Explosive QB Joe Hamilton gunning for more glory in '99
Posted: Tuesday August 17, 1999 04:03 PM
ATLANTA (AP) -- For a little guy, Joe Hamilton has sure managed to create a big fuss at Georgia Tech. How big? The Hamilton-led Yellow Jackets have capped the last two seasons with bowl victories, which may be an every-year event at a school like Florida State but has been accomplished only once at Tech in the past four decades.
How big? The Hamilton-led Yellow Jackets, ranked ninth at the conclusion of last season, start this year at No. 11 and can actually mention the words "national title" with a straight face.
How big? The Hamilton-led Yellow Jackets ended a seven-year losing streak against rival Georgia last season with one of three come-from-behind, fourth-quarter victories engineered by this heck of an Engineer.
How big? The school has been mailing out CD-ROMs to media around the country, hoping to ignite a Hamilton for Heisman groundswell by exposing his best plays to a wider audience. Tech also has a special Web site that includes his biography and a promotional video.
"You play all your life to get into a certain position to be one of the best players in college football," Hamilton said. "And now that it's here, you can't turn away from it."
Clearly, Hamilton is near the top of the quarterback class for 1999 after five signal-callers went in the top 12 picks of the NFL draft. He hardly seems built for the part -- his listed height (5-foot-10) and weight (189 pounds) both seem exaggerated -- but he's never let a lack of size stand in his way. In fact, he's downright tired of talking about it.
"I've heard that like two million times," said Hamilton, who passed for 2,166 yards and a school-record 17 touchdowns last season while rushing for 298 yards and four TDs. "I don't see the big issue with the height thing. I really don't."
Though he solved an annoying hitch in his throwing motion a couple of years ago, Hamilton's arm strength still falls short of most quarterbacks in the ACC. He's the total package, able to beat teams with his shifty feet as well as his right arm.
Hamilton is fearless, hurling his body into bigger men as required by an offense that incorporates rollouts, options and play-action schemes.
"You can't approach the game thinking you can get hurt," Hamilton said. "Hopefully, I will get to finish all the games. But there's nothing you can do about it except pray."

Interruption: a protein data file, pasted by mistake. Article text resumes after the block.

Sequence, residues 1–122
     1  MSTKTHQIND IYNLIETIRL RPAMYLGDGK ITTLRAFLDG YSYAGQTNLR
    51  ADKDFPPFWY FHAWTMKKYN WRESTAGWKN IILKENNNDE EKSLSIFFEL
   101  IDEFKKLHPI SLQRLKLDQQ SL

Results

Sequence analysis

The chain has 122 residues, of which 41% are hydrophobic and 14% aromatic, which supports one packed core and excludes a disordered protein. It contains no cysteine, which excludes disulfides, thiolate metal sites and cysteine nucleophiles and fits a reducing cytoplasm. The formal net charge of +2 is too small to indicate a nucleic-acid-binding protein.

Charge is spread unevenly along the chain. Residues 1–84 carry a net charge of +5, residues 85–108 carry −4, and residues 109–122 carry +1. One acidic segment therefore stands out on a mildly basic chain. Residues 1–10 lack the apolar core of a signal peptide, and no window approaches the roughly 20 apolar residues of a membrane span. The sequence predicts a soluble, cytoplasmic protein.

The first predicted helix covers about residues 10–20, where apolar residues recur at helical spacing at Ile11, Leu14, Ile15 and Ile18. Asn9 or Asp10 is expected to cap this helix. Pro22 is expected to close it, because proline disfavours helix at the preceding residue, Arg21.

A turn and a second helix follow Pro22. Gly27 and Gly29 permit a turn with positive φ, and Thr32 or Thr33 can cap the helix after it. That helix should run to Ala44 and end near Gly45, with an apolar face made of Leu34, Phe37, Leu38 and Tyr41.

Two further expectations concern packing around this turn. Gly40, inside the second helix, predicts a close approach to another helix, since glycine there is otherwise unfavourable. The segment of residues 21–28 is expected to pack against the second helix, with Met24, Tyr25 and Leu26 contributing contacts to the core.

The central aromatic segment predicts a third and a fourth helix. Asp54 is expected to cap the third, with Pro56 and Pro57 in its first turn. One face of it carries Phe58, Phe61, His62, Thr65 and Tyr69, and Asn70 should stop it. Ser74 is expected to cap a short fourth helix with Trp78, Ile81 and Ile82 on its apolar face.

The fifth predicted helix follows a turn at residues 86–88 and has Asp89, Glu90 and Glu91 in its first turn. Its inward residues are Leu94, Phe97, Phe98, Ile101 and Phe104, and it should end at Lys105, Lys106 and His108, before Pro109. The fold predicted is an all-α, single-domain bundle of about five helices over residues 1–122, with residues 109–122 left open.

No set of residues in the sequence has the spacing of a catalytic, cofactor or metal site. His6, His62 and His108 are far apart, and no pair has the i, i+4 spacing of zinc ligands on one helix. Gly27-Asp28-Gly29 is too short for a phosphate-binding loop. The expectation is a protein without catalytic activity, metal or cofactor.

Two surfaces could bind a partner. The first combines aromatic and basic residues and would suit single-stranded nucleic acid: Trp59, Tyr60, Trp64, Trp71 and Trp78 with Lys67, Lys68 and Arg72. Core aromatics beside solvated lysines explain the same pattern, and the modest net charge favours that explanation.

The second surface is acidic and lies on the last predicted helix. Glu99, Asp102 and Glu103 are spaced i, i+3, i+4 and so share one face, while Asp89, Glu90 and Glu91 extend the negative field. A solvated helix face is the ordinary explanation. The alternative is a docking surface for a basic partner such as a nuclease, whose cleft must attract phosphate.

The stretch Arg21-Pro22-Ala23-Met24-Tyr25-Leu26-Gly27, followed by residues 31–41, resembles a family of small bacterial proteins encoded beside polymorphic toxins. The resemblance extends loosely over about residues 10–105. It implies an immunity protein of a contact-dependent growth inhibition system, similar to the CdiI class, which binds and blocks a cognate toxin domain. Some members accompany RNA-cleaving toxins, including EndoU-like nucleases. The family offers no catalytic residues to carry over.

Against Virginia, he led the Jackets back from a 21-point deficit in the second half while hobbling on a sprained knee. He suffered a painful hip pointer against Florida State, forcing him out of the game, but he returned the following week to account for 348 total yards in a victory over Maryland.
"Joe's a pretty tough kid," coach George O'Leary said. "He takes a hit and gets up."
Hamilton, who has started at Georgia Tech since his redshirt freshman year, already has accumulated more rushing yards (1,024) that any quarterback in school history. By merely duplicating last year's numbers, he will become the career leader in TD passes and total yards. The record for career passing yards also is within reach.
"I think Joe's a very good football player and we've thrown his name out there for the Heisman," O'Leary said. "But we're not going to change our game plan. The most important thing is that when we win, it means Joe is playing well.
"If that's the case and we can promote him for that award, I think he's very well deserving of it from a standpoint of what he's done for Georgia Tech and what he's done for ACC football."
Hamilton knows the scrutiny could become intense -- especially if the Yellow Jackets somehow win at Florida State on Sept. 11. Last year the teams shared the ACC title, but the Seminoles have defeated Tech seven years in a row by a combined score of 284-54 -- including 34-7 last season.
"I've heard some rumors that it'll get tough -- the media will get all over you," Hamilton said. "But I'm going to go out and do the same things I've done the past few years. Play football and just enjoy playing."
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